Female physicians challenge the status quo
Local doctors discuss gender perceptions and career challenges
Delta Digital News Service
By Courtney Edwards | Aspiring Journalist
JONESBORO, Ark. – It’s no secret the medical profession is male dominated. However, women outnumber men in six out of 43 medical specialties in the U.S., according to the Association of American Medical Colleges (AAMC). Those specialties include pediatrics, OB-GYN, ped hematology/oncology, child psychiatry, internal med/pediatrics and geriatrics.
Stereotypes in the Medical Field
When it comes to the stereotype of men pursuing careers as doctors while women go only into nursing, A-State Professor of Philosophy Michele Merritt, PhD, states that although not entirely untrue, the inaccurate notion behind the stereotype could be causing more women to pursue nursing rather than more advanced medical degrees.
“The thing about stereotypes is that they are not entirely false,” Merritt said. “They are overblown and oversimplified depictions of something based in reality. This doesn’t mean that all women in the medical field go into nursing, of course. In any case, there is definitely an imbalance. This is changing, but change happens gradually.”
Merritt explained a phenomenon called “stereotype threat.” It involves a prevailing stereotype actually affecting someone’s performance in a specific field.
“So, for example, if you keep pushing the stereotype that girls cannot do math, and girls hear this message, they do not do well in math in school,” Merritt said. “If you instead empower them and build them up, their scores go up.
Merritt says she doesn’t have definitive evidence that’s why more women go into the field of nursing, but believe that the ‘men are doctors and women are nurses’ prevailing stereotype hampers the pursuit of women into field.
“I don’t have any proof that this is occurring in nursing, but my guess is that stereotype threat is keeping women from pursuing more advanced medical careers because many of them don’t believe they are capable.”
Equality During Training
Although men outnumber women in advanced medical practices, it doesn’t mean women aren’t treated equally among them.
Dr. Stacy Wilbanks specializes in wound care at NEA Baptist Hospital in Jonesboro. She said she felt was always treated equally during her training.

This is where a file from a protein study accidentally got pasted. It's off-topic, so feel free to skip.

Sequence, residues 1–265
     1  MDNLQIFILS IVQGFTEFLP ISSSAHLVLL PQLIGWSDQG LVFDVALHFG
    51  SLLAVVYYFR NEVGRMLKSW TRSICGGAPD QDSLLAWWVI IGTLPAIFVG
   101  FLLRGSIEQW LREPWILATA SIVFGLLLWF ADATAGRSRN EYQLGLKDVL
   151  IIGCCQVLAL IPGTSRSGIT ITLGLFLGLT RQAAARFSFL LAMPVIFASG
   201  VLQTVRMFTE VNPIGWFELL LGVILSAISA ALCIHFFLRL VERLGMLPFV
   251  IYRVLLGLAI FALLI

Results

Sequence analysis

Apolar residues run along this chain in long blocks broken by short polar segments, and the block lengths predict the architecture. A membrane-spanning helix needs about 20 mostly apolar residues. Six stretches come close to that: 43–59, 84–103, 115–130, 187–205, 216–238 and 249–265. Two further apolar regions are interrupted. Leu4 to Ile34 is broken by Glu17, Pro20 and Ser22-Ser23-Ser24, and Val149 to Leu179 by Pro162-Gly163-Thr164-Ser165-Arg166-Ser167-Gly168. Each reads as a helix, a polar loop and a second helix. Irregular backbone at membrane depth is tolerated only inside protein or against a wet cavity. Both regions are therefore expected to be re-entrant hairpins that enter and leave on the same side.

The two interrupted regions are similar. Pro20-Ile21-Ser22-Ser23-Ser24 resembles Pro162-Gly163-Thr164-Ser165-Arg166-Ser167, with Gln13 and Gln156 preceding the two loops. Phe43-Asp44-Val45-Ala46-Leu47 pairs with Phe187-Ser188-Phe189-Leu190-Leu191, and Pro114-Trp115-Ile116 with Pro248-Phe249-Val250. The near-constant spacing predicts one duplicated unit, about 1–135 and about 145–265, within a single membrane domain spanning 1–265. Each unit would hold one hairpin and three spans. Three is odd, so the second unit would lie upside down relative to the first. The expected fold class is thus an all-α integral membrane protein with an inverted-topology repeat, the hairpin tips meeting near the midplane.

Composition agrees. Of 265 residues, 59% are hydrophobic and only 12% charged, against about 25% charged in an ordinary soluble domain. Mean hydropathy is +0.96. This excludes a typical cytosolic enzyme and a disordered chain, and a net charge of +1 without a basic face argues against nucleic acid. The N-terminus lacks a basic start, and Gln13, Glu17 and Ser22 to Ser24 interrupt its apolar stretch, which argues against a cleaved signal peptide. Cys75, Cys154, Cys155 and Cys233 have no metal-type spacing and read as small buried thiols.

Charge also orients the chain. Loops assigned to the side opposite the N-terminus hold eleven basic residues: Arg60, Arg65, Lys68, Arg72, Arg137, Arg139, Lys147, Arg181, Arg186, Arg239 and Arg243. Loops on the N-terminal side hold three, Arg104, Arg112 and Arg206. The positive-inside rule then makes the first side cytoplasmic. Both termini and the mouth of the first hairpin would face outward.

“I didn’t feel that I was at any disadvantage for being a female,” Wilbanks said.
Two other female physicians from NEA Baptist also said they never felt they were at any disadvantage, but they also recognize they live in a time of change.
Dr. Lauren Barr, a resident specializing in internal medicine, said she feels lucky to live in a time where she is able to choose to pursue a professional career in medicine.
“I think that medicine traditionally has been a very male-dominated field,” Barr said. “I’m fortunate enough to pursue medicine at a time that’s starting to shift. I do think some of those old attitudes of ‘women are the homemakers. They are supposed to have children’ are still there.”
Barr also said even though these attitudes still exist, they are much less prominent than she originally thought they would be. Considering some of the stories she’s heard from her older colleagues, she said she feels fortunate she hasn’t had to go through some of the things they have.
As an OBG/YN, Dr. Jodi Turano said she felt being a female has actually helped her professionally rather than hinder her. Still, she said she’s experienced some gender discrimination in her career.
“I have had run-ins with certain people post residency that kind of treated me slightly different because I’m a female,” Turano said. “I don’t know if that’s definitely the case, but that’s how I took it.”
The Gender Pay Gap
According to the AAMC, in 2019, women working in medical institutions were still being paid less than their male counterparts. The gender pay gap can be explained by women leading towards careers in lower-paying medical specialties. Women are also more likely to choose flexibility over higher salaries, especially if they have children.
“Because I want to spend as much time with my kids, I recognize that I am not going to make as much money as the guy who’s willing to spend every other weekend working extra shifts,” Wilbanks said.
Turano said if women go through the same training as men, the pay gap shouldn’t be there. “We go through the same training as a male physician,” she said. “We shouldn’t be treated any differently.”
Although women still face challenges in the medical field, times are changing. Change is gradual, but as more women enter the medical field, the more represented and equal they feel.
“We are already busting this stereotype mentally, but our practices are slow to catch up,” Merritt said. “I think one thing that we need to be constantly reminded of is that ‘men’ and ‘women’ are terms that describe two gender identities and do not have much (if anything) to do with capabilities or aptitude.”
Note: Featured image shows from left, physicians Lauren Barr, Stacy Wilbanks and Jodi Turano.